NSCAD community drafts manifesto
Halifax art school strives for autonomy
January 25, 2013, 11:08 AM AST
Last updated January 26, 2013, 12:25 PM AST
Students, faculty and staff of Nova Scotia College of Art and Design approved a collective manifesto on Tuesday that seeks to preserve the university as an independent institution.
“We’ve been having monthly general assemblies,” says Sarah Trower, Student Union of NSCAD president. “We’ve collaboratively written a manifesto with the students, faculty and staff to reaffirm the values of this institution.”
The manifesto blames NSCAD’s current financial situation on a number of factors, including inadequate funding, which threatens NSCAD’s existence as an independent institution.
One part of the document deals with the provincial government-commissioned Hogg report. The manifesto argues the Hogg report did not recognize NSCAD’s valuable programs and needs when distributing funds. Instead of taking steps to address this problem, the provincial government imposed a sustainability plan, which would dismantle many of NSCAD’s core values.
In 2011, the Windsor report indicated NSCAD’S financial debt was roughly $19 million. The report told NSCAD to undergo cost-cutting opportunities or risk losing their independence. The Nova Scotia government agreed to provide $2.4 million as long as the conditions were met from the report.
The 2012-13 NSCAD budget proposed fee increases, staff reductions and course changes that would eliminate the debt by more than $1.2 million. This would still leave a deficit of $1.364 million.
The document also faults the previous administration decision to construct a new campus without adequate funding. This decision contributed to its financial crisis.
“The manifesto is to unite us as a school,” says Trower. “There is a consistent fear that we don’t know if NSCAD will be here next year.”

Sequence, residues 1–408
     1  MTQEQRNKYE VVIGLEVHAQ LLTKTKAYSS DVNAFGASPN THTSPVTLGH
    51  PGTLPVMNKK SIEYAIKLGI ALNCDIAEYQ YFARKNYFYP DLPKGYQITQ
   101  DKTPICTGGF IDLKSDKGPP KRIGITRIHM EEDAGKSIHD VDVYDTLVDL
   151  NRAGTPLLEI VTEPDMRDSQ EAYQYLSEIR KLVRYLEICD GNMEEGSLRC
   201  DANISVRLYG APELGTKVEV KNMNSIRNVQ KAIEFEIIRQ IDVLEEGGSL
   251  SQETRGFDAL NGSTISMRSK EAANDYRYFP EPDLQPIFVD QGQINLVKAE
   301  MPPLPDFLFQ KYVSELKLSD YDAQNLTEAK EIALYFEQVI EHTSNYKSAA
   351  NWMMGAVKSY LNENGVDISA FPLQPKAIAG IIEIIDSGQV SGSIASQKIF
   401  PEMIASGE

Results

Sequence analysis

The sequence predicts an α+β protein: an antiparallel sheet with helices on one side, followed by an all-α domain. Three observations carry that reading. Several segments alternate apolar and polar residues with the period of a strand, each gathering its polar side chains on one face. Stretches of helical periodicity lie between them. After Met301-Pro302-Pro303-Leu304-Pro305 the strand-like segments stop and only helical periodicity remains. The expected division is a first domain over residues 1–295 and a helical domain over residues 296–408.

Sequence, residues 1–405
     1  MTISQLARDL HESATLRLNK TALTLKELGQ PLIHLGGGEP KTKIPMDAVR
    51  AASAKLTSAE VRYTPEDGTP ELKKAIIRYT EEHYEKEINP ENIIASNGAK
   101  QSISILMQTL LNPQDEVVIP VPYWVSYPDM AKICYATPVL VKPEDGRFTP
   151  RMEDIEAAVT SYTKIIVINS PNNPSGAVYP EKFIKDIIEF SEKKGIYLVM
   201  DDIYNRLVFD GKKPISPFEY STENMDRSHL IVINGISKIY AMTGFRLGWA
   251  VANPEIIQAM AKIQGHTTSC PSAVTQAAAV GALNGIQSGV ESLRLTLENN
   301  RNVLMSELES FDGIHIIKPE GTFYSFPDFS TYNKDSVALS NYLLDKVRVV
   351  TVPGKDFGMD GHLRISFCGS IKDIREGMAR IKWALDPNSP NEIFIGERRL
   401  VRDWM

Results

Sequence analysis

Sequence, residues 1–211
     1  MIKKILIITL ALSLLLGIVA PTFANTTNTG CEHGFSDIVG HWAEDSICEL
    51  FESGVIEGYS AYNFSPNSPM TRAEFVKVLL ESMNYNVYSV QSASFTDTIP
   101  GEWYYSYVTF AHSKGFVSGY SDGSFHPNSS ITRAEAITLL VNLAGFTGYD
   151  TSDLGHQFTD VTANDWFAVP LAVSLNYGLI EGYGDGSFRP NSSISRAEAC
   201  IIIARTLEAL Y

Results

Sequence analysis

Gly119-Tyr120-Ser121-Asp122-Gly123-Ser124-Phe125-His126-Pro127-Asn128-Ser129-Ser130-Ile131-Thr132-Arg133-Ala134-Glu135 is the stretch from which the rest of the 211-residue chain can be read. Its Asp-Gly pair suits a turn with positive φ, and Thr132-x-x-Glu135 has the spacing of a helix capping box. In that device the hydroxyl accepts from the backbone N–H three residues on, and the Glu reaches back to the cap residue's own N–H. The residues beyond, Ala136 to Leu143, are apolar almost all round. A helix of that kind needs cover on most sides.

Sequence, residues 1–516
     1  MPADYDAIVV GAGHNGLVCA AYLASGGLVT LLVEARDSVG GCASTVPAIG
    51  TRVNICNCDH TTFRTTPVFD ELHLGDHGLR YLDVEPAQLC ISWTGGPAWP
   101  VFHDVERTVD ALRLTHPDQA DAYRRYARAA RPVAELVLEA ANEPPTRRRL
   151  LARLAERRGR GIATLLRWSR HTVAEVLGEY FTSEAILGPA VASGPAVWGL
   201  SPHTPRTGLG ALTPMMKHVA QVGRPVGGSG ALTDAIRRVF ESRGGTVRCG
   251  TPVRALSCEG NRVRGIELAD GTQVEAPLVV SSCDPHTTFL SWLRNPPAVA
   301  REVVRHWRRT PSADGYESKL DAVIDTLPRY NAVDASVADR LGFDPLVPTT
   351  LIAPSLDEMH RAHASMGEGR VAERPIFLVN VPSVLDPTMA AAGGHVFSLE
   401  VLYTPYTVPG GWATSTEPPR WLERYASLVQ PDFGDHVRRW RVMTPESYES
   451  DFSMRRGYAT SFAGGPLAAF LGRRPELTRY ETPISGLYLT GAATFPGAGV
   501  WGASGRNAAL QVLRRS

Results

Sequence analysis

Some of the core values put forward in the manifesto include:
- retaining an autonomous institution that values critical thought and quality education
- providing accessibility and affordability for students
- keeping small studio class sizes
- stopping faculty and staff cutbacks
The NSCAD community held brainstorming sessions between students, faculty and staff to determine what each party wanted, says Trower.
The first draft was introduced on Jan. 15, but was rejected by students.
“We brought it to the general assembly, but the students thought that it wasn’t refined enough and they sent it back to us,” says Trower.
The manifesto was then re-edited and accepted by all parties on Jan. 21.
Kelly Zwicker, vice-president of NSCAD’s student union, approximately 80 students showed up at the general assembly, she was happy with the turnout.
Many students do not want to see the university’s autonomy diminish.
“We are like a community, and if there are any parts of the community that would be taken away, then we would lose our structure,” says Madeline Watson, a second-year interdisciplinary student.
“There’s a network we strive to keep here,” says Kaylea Reeve, a second-year jewelry student.
Trower says she is uncertain about what will follow from the provincial government, but remains proud of what was achieved in the manifesto.
“We don’t know what’s next,” says Trower. “We shall see what response we get.”